12 October – 25 November 2007
Craun’s work depicts seemingly familiar everyday subjects; these are then rendered in dense optical arrangements that are at once vivid and illusory. The paintings employ an irregular sense of composition, riffled and pitted surfaces, oscillating colour and saturation. Craun’s latest take on American society is focused on the ‘team’, the ‘cheerleader’ and the ‘family’. Idiosyncratic cornerstones of a North American values franchise. Craun’s paintings subvert the brand whilst simultaneously knitting together jarring colour schemes, skewed geometric abstraction and patinated texture.
His drawings employ razor-sharp line work, luminous washes and concentrated areas of broken patterning. He locates the figures in spaces that are simultaneously flat and three-dimensional. Depicted with equal parts humor and dread, Craun’s work is quotidian, disturbing and rich in a dislocated vocabulary of mark making.
The curation of the work provokes these feelings exactly. Only negative aspect of the work is the lightening which distracts the viewer from full appreciating the work; taking away the vivid and illusory.
OBEY [Shephard Fairley] Stolen Space
Arch manipulator, scoundrel, chief propagandist, provocateur, Shepard Fairey is the man many hail as the originator of the modern urban art scene and is an undeniable phenomenon. First coming to prominence in 1989 with his now ubiquitous ‘Obey Giant’ sticker campaign, the self styled phenomenologist has since gone on to become one of the most recognisable artists of the early 2000’s.
His work, a mixture of parody and protest, serves to subvert the very medium to which it attaches itself. Wall paper posters adorn advertising billboards that in his own words ‘market nothingness’ while large scale posters with the simple one word message ‘obey’ stir the bewildered masses. His unique use of stencils, collage, photography and painting have led to collaborations with among others, DJ Shadow, Interpol, Smashing Pumpkins and more recently the poster art for the Johnny Cash biopic, ‘Walk the Line’.
In more than a passing reference to the surveillance culture of Orwell’s 1984, Shepard Fairey brings his new exhibition ‘NineteenEightyFouria’ to London’s Stolenspace. Comprised of a range of artworks, from large scale multi media installations to smaller album screen prints Shepard’s artwork both scrutinises and distorts the narrative of the modern American Dream. Commenting on underpinnings of what Shepard terms the ‘capitalist machine’ it aims to critique those who support blind nationalism and war. Fairey addresses monolithic institutional authority, the role of counter culture, and independent individuals who question the cultural paradigm which is reflected in the careful choosing of site specific exhibition of Stolen Space.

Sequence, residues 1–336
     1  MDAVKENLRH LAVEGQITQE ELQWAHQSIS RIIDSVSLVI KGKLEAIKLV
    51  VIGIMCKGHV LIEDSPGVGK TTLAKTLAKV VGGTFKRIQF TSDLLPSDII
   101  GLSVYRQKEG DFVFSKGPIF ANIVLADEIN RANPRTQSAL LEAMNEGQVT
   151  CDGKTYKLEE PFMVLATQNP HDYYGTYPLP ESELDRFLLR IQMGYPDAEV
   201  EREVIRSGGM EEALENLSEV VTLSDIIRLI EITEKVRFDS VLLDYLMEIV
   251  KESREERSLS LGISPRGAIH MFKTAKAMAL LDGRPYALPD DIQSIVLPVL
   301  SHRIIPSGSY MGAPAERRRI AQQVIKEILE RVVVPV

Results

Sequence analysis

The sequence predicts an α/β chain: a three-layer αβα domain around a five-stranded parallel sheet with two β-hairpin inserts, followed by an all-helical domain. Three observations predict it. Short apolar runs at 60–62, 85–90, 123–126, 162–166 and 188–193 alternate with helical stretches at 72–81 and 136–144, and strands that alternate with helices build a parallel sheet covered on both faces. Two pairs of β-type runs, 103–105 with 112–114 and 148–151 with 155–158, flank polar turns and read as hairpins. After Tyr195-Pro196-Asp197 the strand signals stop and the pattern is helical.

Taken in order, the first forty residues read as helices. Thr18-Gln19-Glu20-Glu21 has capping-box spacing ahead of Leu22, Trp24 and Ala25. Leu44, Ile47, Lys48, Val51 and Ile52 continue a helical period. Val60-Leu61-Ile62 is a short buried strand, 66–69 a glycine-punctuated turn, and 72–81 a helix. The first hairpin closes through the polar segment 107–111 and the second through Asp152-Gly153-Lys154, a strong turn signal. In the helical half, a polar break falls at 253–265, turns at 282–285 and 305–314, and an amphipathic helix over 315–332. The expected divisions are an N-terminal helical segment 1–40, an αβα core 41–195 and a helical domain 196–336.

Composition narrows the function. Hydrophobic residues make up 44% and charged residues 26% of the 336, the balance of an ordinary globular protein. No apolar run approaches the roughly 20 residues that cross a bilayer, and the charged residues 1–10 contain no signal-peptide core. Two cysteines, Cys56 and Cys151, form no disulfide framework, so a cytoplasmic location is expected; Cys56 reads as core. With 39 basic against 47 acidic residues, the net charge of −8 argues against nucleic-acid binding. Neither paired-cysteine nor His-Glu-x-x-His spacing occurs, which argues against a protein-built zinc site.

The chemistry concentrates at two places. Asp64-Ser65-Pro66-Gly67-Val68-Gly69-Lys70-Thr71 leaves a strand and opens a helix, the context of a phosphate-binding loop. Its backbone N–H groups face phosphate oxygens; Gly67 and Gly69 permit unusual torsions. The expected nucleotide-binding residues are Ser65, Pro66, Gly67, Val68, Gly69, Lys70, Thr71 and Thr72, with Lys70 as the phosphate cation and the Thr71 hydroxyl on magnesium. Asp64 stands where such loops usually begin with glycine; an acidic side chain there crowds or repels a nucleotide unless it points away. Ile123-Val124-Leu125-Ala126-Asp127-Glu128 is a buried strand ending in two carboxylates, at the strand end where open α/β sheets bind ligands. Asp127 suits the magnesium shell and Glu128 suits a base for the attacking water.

DRAWING RESTRAINS The Serpentine Gallery, LondonTaking in sculpture, installation, performance, drawings and film, the show centres on Drawing Restraint, a multimedia series that Barney began in 1987. In particular, the show relates to Barney’s film Drawing Restraint 9, which he made two years ago with his partner, and equal in imaginative idiosyncrasy, Icelandic avant-pop queen Björk. The couple play visitors on a Japanese whaling ship, the Nisshin Maru, who end up ritually carving each other’s bodies into chunks of blubber. Marine matter finds its way into the related sculptures too, barely describable hybrid objects that brazenly confound the traditional canon of workable materials. Any initial description of Barney’s work risks looking like a hoax, spoofing the perceived excesses of the blockbuster avant-garde. That’s why his creations have to be seen to be believed: their unorthodox visual and tactile impact speaks for itself. It’s true that Barney’s output, tempered with grotesque humour, could be regarded as partly a joke in the Dada tradition: the matter-of-factness with which he expounds his quasi-scientific systems certainly suggests a sly parody of theoretical discourse in art. Nearly all Barney’s commentaries are in this oracular mode, yet their earnestly systematic nature suggests that he’s serious about them, and inviting us to take them seriously too. Many rise to the challenge: over a decade, “Barneyology” has effectively become a specialist field of modern art theory. Most critics, however, are happy to throw in the towel and exhort viewers simply to revel in the work’s multi-layered exuberance. Physicality is central to Barney’s work, which involves considerable feats of athletic daring: Cremaster 3, for example, is structured around his twin ascents of a lift shaft in the Chrysler Building and of the Guggenheim Museum in New York. The Drawing Restraint series began as a set of performances in which Barney encumbered himself with weights, harnesses and elastic to make the act of drawing physically difficult. The wildly disparate elements in Barney’s universe combine to make a vast but inscrutable mythology that can really only be decoded imaginatively from within, once you immerse yourself in its mad resonances. Its parameters take in high culture and pop (pastiche grand opera at one end, speed metal and country at the other), a murky brew of belief systems (Celtic creation myths, freemasonry, Mormon, Brazilian candomblé), a fascination with androgyny, asexual reproduction, metamorphosis, drag. Barney uses places and people too as material, as “found objects”: buildings such as the Guggenheim or Budapest’s Opera House; locations including the Isle of Man and the Utah salt flats; names such as Ursula Andress, Norman Mailer, sculptor Richard Serra, all guest stars in the Cremaster cycle. Barney’s pseudo-narratives thrive on arbitrary geographical, historical and thematic connections, which generate visual and conceptual “rhymes”. It’s hard to trace obvious sources for Barney’s imagination, although he has cited Joseph Beuys and Bruce Nauman as influences. While he is often compared to Jeff Koons and Damien Hirst, the closest affinity among contemporaries – in terms of elaborating quasi-scientific thought systems – is Britain’s self-deprecatingly boffinish Keith Tyson. Drawing Restraint 9 presents itself rather like the couple’s lyrical, orgiastic love ritual: if Cremaster has been called Barney’s Ring cycle, then the new film is his Tristan and Isolde. The pair rarely comment on their relationship, but Björk has volunteered that working from Barney’s laconic directions was “like solving a murder mystery”. She has also commented, in typically Björkian style, “He’s a bit of a submarine.” Since Cremaster, Barney’s megastar status has led some critics to decry bombast, while it’s undeniable that his shock value has been slightly dampened by familiarity. At the recent Manchester International Festival, there was a decidedly mixed press response to Barney’s segment of the performance “variety” show Il Tempo del Postino. Featuring cars, a bull, a female contortionist and Barney wearing a live dog on his head, it caused many UK critics to sniff, although an enthusiastic Richard Dorment in the Daily Telegraph saw the piece as “about nothing less than the psycho-sexual origins of Islamic fundamentalism”. As for Barney’s film-making, it must be said that Drawing Restraint 9 has a tone of laborious solemnity that is considerably less alluring than Cremaster’s delirious efflorescence. Even so, the prospect of a new full-scale exhibition, of seeing Barney’s objects first hand in all their monumental opacity, is hugely exciting. Whether or not you’re familiar with Barney’s work, chances are that you’ll still come away with a sense of mystery left decisively intact. That’s as it should be. As the elusive artist has put it, “I try to protect myself and my work. I want there to be a fraction of my work that even I don’t understand.”